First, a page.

Animals: References to our furry and feathered friends surface frequently in Smith's songs, especially early on when his general outlook on humanity was less than optimistic. His state of mind circa Pornography's "Hanging Garden": "Fall fall fall out of the sky, cover my face as the animals die."
In 1983, his fascination carried over to the Cure's first pure pop success, "The Love Cats." The period around 1984's The Top was especially turbulent — "In a way, [it's] the solo album I never made," Smith says in the liner notes to Rhino's 2006 reissue — and the album is a virtual menagerie: "Shake Dog Shake," "Birdmad Girl," "The Caterpillar," "Piggy in the Mirror," "Bananafishbones." Smith largely let the animals be in later years, though Disintegration's "Lullaby" stars a ravenous "spiderman" who walks on "candy-striped legs."
Crawley: Industrial suburb about 30 miles southwest of London, whose name derives from the picturesque Anglo-Saxon image of "a crow-infested clearing." Location of Gatwick Airport, the Hobby to Heathrow's Bush Intercontinental. Smith started an early version of the Cure with some classmates at Crawley's Notre Dame Middle School in the mid-'70s. Its typical suburban surroundings, and the spirit-crushing boredom they evoke, fueled Smith's early development as a songwriter — he wrote "10:15 Saturday Night," a highlight of 1979 debut Three Imaginary Boys, at his parents' kitchen table. Though today Crawley's population is around 100,000, there still doesn't seem to be all that much to do, other than drink and fight. "At the last count there was about 14 drinking establishments in the High Street alone," says online travel guide Local Webs UK, "and that is only a couple of hundred yards long!"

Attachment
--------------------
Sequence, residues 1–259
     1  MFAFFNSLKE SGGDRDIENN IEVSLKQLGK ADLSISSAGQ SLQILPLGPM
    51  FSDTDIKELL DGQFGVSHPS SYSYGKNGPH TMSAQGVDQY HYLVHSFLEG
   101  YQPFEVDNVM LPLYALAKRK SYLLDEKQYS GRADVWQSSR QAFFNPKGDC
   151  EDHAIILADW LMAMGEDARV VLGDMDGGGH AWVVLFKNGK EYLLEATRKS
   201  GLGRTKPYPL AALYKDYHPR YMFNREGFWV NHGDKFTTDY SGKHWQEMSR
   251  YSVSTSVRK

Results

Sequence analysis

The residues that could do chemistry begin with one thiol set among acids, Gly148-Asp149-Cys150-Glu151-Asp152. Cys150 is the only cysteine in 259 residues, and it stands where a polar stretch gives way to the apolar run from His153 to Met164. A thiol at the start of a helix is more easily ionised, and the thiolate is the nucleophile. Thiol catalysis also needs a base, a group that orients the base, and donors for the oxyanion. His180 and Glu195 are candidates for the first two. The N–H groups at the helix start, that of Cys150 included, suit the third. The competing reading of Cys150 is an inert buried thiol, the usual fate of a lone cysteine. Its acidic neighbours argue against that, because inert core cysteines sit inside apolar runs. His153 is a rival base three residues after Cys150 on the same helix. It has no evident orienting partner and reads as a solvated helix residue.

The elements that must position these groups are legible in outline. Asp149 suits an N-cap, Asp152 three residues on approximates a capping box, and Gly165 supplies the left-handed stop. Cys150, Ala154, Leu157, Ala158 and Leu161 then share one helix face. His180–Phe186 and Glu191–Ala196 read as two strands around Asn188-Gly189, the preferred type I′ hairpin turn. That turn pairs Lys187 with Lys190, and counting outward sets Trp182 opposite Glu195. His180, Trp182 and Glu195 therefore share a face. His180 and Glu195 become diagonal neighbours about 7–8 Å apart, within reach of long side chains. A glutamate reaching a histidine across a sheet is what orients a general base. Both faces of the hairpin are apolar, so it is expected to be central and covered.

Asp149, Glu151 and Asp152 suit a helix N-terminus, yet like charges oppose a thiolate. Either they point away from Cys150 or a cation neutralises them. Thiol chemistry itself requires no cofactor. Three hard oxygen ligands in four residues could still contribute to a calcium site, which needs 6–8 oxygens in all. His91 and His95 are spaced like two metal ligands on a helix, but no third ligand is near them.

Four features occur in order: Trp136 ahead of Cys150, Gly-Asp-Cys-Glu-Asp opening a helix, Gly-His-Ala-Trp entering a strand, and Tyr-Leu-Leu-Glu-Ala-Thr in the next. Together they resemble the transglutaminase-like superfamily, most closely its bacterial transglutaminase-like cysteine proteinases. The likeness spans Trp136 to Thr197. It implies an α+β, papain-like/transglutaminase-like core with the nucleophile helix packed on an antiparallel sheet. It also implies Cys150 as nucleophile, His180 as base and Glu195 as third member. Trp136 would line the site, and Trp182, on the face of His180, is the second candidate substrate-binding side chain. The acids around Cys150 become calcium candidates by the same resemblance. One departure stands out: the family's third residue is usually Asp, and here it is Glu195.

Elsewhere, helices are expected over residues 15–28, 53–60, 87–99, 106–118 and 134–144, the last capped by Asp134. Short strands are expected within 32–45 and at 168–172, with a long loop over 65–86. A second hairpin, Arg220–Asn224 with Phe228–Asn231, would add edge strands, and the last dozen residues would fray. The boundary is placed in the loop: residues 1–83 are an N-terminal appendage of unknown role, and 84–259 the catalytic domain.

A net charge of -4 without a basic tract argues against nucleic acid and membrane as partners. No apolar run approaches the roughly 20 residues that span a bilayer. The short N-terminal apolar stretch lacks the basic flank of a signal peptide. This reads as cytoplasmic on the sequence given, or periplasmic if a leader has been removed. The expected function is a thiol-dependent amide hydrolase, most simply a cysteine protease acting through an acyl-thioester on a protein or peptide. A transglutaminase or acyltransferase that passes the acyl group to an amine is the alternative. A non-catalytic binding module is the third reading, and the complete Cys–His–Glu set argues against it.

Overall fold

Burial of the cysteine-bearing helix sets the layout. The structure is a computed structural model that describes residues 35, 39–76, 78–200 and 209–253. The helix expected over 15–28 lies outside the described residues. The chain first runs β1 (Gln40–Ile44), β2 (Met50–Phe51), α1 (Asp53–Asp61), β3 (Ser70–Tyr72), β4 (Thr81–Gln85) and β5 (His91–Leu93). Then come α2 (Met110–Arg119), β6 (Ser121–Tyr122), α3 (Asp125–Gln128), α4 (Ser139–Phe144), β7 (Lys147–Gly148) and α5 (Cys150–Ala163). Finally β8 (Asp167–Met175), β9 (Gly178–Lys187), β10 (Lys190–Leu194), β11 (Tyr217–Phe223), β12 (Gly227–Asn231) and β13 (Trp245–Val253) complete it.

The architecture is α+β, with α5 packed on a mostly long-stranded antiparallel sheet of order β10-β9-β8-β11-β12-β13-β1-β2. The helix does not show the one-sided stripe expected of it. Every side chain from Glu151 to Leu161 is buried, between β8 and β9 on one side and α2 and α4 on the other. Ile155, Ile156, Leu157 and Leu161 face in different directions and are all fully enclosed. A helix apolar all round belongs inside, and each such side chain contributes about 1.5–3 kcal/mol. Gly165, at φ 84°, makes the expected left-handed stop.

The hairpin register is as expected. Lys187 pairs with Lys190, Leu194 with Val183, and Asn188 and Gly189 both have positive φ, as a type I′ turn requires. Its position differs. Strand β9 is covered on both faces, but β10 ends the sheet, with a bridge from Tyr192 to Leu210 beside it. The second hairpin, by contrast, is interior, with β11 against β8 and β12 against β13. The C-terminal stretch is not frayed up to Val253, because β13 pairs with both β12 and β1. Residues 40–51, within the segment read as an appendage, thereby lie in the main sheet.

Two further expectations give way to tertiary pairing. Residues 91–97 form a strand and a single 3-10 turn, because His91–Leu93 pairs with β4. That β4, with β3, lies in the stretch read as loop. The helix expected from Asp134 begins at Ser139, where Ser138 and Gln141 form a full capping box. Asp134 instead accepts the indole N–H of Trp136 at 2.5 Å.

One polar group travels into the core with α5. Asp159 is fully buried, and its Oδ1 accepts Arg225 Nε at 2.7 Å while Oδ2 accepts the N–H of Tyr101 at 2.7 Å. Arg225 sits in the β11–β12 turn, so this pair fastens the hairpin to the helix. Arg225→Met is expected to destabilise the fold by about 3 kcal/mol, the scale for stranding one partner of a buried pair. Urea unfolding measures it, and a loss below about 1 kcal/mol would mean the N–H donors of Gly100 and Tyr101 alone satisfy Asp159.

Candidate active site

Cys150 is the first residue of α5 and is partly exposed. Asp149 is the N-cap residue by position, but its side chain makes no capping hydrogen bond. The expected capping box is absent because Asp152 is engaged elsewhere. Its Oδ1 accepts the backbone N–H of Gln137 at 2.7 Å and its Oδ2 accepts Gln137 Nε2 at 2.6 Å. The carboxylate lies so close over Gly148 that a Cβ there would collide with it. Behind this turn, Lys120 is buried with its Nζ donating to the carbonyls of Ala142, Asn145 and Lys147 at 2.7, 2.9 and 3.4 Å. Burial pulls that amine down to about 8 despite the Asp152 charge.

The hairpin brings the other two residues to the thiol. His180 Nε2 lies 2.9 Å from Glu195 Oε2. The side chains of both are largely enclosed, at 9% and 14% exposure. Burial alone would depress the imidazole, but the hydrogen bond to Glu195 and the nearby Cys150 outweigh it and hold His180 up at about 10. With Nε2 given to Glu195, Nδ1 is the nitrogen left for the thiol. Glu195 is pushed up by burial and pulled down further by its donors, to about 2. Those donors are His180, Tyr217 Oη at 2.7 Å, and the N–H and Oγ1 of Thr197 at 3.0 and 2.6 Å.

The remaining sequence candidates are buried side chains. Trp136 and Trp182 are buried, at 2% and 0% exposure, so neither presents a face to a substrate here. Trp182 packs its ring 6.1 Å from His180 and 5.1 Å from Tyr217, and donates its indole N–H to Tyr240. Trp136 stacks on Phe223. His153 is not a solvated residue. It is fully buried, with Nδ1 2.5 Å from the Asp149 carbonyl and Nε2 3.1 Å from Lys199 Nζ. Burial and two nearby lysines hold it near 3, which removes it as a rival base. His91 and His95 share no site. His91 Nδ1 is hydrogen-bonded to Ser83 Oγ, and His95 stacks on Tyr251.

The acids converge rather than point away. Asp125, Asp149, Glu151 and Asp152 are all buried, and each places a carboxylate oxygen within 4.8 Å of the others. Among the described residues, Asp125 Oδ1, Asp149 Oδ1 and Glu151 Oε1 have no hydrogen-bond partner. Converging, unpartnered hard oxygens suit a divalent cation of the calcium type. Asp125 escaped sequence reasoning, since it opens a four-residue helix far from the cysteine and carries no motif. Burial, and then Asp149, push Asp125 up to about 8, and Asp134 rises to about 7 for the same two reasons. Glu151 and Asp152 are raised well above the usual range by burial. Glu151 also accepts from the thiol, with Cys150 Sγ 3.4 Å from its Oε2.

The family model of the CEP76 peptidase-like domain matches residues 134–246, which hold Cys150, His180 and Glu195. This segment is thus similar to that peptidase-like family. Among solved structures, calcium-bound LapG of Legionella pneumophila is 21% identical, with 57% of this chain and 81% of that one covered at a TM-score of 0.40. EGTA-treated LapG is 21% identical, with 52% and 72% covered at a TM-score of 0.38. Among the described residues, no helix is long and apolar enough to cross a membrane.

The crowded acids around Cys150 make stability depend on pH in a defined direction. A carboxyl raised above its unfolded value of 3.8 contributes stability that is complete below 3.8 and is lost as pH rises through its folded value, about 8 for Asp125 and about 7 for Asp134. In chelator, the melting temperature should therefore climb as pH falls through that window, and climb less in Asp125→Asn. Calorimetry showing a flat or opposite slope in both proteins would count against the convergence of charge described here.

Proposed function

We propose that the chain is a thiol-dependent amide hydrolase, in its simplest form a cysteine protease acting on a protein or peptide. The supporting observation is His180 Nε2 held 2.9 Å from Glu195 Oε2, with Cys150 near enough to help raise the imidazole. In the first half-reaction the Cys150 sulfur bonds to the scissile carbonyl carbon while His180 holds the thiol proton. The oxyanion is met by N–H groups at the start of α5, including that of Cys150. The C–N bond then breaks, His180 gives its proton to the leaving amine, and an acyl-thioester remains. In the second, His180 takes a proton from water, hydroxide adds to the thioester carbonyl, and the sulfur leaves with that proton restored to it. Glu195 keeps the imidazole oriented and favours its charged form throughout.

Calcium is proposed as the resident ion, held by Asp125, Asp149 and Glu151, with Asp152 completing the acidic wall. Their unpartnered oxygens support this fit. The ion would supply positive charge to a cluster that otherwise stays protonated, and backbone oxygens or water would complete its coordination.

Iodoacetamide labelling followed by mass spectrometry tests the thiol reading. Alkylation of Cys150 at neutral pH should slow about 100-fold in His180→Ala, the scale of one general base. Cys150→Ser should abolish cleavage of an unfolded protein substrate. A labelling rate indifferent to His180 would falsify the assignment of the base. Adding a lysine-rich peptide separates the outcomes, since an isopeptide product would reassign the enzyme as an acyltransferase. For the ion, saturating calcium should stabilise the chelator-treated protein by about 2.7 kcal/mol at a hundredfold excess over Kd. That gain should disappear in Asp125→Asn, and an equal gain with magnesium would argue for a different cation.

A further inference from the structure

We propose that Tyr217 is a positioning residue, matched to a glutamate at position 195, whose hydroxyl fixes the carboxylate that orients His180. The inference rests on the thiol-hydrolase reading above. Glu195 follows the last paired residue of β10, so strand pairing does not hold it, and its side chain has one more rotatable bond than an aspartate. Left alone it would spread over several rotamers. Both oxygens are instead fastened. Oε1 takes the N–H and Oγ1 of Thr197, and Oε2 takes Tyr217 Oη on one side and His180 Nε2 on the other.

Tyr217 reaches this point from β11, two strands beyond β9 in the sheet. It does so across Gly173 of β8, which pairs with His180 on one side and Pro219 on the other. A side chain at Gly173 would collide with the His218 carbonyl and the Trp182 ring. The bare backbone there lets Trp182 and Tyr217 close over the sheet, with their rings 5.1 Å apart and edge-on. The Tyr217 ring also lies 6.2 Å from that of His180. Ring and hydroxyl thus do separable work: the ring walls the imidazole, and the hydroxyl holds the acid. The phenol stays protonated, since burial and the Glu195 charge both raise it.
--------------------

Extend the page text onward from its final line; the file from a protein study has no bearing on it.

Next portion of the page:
Janus: Roman god of gates, doorways, beginnings and endings who lends his name to the month January and the word janitor. Janus famously had two faces, as does the Cure: The group best known for album-length thickets of dense, angst-ridden noise like Pornography and Disintegration can also summon the pop purity of "Let's Go to Bed" or "Just Like Heaven" seemingly on a whim. Few other bands in rock history have been able to do this at all, let alone as successfully as the Cure, but both the Beatles and Led Zeppelin also navigated the distance between playful and ponderous with great skill.